A Test of Wills by Charles Todd 


Dear Detective Inspector Rutledge,

I hope I may call you Ian. When I first read your story, my heart broke. The war to end wars failed because in 2016, we still have wars. Yes, almost 100 years since your war ended, war still rages. Shell Shock is now referred to as PTSD and it sadly still rips men and women’s souls apart. I am sure you are surprised by women being soldiers but a lot has changed for women since 1918 but in some ways we are still defined by our sex.

 Hamish, the Scottish soldier you were forced to severely discipline resides in your head and his voice is so loud at times you believe others can hear him.  Faced with the heartbreak when the woman you loved abandoned you in the face of a mental illness, you persevered. Saved by your sister’s love, you returned to Scotland Yard. I know you worry you’ve lost your ability to discern the truth, the sixth sense you had before the war. You seek solace in your work and escape from the horrors of war. But Ian, can any of us ever escape the wounds we suffered in life? Learning to live with them is the best I’ve been able to do.

Your boss, Chief Inspector Bowles is a man hungry to move up the ladder. The English society of class bears down on him and he resents your education and higher societal rank. You take it all in stride as you grapple with life after war. He likes to remove you from London and send you on what appear to be cases which can not be solved. You always surprise him though and come through in the end.

Bowles has sent you off to Warwickshire to solve the murder of Colonel Harris. Here you encounter a suspect who is close friends with the Prince of Wales, a catatonic girl, a talented female artist and the uniquely beautiful Lettice Woods. Can Hamish stay quiet long enough for you to solve the case? Will you be pushed over the edge and forced out of Scotland Yard? You know Bowles would be happy to see you gone.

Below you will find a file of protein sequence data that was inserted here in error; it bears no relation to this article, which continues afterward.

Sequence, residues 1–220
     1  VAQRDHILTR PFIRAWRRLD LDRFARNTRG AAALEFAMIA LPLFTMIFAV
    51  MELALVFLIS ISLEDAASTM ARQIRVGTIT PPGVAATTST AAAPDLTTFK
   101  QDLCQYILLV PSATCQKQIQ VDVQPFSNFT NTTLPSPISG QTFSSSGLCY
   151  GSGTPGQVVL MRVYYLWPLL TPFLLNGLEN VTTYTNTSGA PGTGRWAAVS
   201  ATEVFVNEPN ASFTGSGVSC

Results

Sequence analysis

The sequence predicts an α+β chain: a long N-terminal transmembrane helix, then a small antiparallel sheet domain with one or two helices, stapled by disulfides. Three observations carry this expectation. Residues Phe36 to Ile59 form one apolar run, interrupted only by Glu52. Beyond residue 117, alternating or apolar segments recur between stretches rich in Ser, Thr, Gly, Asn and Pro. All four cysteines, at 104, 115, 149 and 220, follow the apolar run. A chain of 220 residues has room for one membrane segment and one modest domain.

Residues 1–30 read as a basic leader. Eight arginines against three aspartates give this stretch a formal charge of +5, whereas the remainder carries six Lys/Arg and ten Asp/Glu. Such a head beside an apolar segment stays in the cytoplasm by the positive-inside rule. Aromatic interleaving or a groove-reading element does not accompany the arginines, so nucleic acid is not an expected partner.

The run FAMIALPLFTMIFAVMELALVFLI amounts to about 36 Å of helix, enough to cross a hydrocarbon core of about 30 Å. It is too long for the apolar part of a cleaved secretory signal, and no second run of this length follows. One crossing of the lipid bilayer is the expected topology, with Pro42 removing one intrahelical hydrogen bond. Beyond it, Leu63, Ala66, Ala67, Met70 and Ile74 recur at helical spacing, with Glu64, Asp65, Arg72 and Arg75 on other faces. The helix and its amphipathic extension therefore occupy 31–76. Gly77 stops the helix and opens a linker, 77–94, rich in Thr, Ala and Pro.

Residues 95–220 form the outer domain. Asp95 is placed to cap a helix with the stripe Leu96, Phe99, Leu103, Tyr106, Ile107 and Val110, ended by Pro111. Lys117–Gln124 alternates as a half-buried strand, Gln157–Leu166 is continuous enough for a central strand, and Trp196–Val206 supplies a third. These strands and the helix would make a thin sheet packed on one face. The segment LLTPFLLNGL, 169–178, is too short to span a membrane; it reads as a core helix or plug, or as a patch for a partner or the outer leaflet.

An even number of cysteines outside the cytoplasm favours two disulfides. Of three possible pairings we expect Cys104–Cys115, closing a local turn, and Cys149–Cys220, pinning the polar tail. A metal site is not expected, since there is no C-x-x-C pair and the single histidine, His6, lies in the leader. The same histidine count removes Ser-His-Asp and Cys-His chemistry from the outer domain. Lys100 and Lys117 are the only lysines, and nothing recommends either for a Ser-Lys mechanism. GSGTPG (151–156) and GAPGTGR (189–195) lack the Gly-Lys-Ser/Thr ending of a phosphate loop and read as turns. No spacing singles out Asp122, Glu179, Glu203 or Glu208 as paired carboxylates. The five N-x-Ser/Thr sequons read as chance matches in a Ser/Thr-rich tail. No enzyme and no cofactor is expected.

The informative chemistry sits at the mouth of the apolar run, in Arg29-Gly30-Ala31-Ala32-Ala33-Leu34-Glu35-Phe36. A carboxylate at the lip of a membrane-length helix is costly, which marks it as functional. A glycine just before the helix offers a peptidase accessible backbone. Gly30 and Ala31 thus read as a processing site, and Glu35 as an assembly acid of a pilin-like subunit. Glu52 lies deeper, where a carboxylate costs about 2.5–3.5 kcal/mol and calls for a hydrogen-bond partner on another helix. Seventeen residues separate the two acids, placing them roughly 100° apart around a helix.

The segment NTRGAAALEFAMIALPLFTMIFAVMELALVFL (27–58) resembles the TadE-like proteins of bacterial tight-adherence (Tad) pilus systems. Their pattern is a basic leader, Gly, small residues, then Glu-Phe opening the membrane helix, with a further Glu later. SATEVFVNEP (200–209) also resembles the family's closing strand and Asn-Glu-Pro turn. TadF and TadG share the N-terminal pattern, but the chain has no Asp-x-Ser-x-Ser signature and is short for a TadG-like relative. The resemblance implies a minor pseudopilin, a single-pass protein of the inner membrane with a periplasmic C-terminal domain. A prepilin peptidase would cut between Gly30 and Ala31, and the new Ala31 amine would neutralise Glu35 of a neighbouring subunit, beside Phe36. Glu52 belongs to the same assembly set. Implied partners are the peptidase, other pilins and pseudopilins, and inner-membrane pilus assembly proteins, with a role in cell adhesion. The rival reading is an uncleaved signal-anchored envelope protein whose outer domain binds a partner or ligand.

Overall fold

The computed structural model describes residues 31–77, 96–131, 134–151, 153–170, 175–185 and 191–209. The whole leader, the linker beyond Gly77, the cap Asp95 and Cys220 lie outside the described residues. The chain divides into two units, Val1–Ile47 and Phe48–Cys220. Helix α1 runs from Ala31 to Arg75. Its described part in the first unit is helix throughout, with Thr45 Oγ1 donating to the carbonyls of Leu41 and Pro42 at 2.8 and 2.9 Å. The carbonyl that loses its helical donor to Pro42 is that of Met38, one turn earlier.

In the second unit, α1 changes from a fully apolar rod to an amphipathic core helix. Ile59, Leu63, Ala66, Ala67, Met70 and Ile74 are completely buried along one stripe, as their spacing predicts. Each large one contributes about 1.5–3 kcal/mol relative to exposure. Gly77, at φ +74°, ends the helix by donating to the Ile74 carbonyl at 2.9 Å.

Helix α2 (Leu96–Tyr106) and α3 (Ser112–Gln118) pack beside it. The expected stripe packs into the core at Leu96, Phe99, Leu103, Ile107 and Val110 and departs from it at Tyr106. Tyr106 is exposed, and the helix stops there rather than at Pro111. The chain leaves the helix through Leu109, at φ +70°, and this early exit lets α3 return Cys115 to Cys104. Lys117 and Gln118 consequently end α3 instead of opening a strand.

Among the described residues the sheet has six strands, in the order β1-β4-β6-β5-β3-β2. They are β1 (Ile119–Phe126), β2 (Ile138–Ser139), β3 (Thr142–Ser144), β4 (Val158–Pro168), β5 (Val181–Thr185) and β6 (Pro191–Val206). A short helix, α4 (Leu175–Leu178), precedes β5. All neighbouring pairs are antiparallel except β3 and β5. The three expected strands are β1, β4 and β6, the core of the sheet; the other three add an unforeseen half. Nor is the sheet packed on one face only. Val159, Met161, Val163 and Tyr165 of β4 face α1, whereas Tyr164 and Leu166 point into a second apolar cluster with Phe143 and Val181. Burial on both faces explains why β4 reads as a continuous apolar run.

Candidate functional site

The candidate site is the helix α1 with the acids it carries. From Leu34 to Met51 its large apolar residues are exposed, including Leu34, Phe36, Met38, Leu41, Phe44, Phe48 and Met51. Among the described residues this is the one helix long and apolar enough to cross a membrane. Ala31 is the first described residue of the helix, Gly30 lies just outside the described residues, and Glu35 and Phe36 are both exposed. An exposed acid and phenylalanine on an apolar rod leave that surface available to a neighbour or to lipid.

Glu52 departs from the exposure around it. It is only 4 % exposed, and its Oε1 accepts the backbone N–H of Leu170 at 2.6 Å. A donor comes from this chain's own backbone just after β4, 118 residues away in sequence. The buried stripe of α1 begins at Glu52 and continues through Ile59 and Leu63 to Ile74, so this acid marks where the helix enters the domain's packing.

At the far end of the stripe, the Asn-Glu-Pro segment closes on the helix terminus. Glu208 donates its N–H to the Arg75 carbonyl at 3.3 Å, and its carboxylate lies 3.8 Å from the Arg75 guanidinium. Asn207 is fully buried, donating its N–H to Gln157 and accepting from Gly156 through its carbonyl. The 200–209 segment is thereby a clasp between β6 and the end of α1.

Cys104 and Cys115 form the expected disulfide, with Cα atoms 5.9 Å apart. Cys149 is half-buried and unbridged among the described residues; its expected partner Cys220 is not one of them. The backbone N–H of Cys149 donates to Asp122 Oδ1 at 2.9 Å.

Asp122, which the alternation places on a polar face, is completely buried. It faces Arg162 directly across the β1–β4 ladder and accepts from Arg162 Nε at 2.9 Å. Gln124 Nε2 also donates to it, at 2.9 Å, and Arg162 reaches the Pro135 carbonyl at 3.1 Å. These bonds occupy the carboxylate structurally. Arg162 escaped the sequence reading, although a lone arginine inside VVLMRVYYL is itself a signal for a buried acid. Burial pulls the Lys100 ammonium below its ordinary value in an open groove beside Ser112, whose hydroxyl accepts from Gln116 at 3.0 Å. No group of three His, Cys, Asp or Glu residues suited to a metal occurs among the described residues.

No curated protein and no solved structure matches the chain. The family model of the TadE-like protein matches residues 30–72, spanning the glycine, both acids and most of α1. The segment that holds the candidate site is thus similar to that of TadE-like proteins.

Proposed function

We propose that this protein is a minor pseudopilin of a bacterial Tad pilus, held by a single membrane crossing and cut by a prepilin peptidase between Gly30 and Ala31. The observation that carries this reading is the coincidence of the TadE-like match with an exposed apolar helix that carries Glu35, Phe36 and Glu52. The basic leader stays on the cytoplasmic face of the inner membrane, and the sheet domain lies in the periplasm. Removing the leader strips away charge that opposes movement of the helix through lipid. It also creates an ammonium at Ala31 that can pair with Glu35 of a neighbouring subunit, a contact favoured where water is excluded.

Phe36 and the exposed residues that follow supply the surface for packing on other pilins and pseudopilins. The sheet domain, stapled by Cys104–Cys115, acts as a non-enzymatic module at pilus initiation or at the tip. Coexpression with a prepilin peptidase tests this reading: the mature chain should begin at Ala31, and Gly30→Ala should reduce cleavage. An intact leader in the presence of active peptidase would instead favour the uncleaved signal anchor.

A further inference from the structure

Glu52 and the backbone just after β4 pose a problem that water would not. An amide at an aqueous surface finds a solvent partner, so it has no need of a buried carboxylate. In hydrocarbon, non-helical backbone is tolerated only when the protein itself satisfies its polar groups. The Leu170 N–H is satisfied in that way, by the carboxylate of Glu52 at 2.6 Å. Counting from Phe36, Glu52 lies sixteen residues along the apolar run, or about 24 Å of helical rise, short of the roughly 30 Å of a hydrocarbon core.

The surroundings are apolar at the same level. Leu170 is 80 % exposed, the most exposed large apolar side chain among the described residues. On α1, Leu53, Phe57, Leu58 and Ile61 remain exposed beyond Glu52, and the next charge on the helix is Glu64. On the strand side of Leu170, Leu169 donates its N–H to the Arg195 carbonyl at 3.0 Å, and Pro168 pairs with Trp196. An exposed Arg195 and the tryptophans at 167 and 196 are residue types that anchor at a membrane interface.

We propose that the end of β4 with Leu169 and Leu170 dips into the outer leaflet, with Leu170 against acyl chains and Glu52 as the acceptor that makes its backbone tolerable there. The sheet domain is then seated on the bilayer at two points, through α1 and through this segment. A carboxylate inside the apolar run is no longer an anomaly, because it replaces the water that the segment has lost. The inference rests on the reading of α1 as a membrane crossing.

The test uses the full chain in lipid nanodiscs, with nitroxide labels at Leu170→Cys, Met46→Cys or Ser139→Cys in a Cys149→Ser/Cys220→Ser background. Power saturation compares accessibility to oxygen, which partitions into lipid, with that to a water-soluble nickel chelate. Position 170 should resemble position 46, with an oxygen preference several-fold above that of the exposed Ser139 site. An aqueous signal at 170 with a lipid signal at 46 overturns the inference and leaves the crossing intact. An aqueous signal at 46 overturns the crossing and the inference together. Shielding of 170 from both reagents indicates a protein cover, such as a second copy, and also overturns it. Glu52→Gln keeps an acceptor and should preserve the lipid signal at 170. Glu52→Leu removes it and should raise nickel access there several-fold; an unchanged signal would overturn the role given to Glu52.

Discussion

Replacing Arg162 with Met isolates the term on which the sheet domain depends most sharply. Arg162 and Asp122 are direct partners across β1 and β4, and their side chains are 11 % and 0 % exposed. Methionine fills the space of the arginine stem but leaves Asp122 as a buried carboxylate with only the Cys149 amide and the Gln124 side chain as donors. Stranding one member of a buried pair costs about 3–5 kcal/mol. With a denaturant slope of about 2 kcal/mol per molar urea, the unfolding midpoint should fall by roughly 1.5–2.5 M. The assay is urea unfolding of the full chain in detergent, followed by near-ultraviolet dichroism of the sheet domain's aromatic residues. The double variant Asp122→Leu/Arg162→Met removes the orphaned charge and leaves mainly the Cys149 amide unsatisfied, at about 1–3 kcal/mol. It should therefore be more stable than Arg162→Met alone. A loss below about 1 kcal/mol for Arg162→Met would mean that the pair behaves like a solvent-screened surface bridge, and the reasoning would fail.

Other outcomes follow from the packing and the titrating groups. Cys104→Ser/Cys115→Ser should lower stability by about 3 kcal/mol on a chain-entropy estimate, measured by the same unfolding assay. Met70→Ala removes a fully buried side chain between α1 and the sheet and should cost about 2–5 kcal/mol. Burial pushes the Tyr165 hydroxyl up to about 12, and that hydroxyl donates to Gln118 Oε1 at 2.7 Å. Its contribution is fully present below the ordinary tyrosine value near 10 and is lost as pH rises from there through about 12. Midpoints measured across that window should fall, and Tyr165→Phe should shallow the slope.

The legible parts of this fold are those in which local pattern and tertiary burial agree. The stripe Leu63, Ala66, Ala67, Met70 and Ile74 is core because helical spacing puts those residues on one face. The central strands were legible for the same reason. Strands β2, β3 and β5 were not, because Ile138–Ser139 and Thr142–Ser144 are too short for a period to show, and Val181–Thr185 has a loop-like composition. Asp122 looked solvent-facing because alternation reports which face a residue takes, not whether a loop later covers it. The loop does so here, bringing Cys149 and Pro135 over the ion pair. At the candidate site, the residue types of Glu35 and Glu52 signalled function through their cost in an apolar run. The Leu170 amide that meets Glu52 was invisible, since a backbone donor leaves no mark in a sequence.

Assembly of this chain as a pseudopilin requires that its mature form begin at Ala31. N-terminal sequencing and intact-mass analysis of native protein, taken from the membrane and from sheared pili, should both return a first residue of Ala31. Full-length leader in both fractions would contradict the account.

There have been so many changes Ian. We no longer open our doors to strangers. Cars and horses no longer battle for the road, for the auto won. Telephones are now carried in your pocket and you can call someone halfway around the world, but the love of country, family, friendship and loyalty are still of tantamount importance in our lives. I can picture myself sitting along side you in your auto touring the lovely English countryside.

Ian, will your skills as a policeman return? Can you solve this murder and keep Hamish a secret? Or will all your carefully placed shields fall and expose your secret to the world? Will you confide in Frances, your sister? Will she see through your carefully protected soul and discover Hamish? If she does, will she still love you?

One last thing, have you met Maisie Dobbs an attractive private investigator who was a nurse in the war? She lives in the mind of Jacqueline Winspear. 

Daphne. A five star book.

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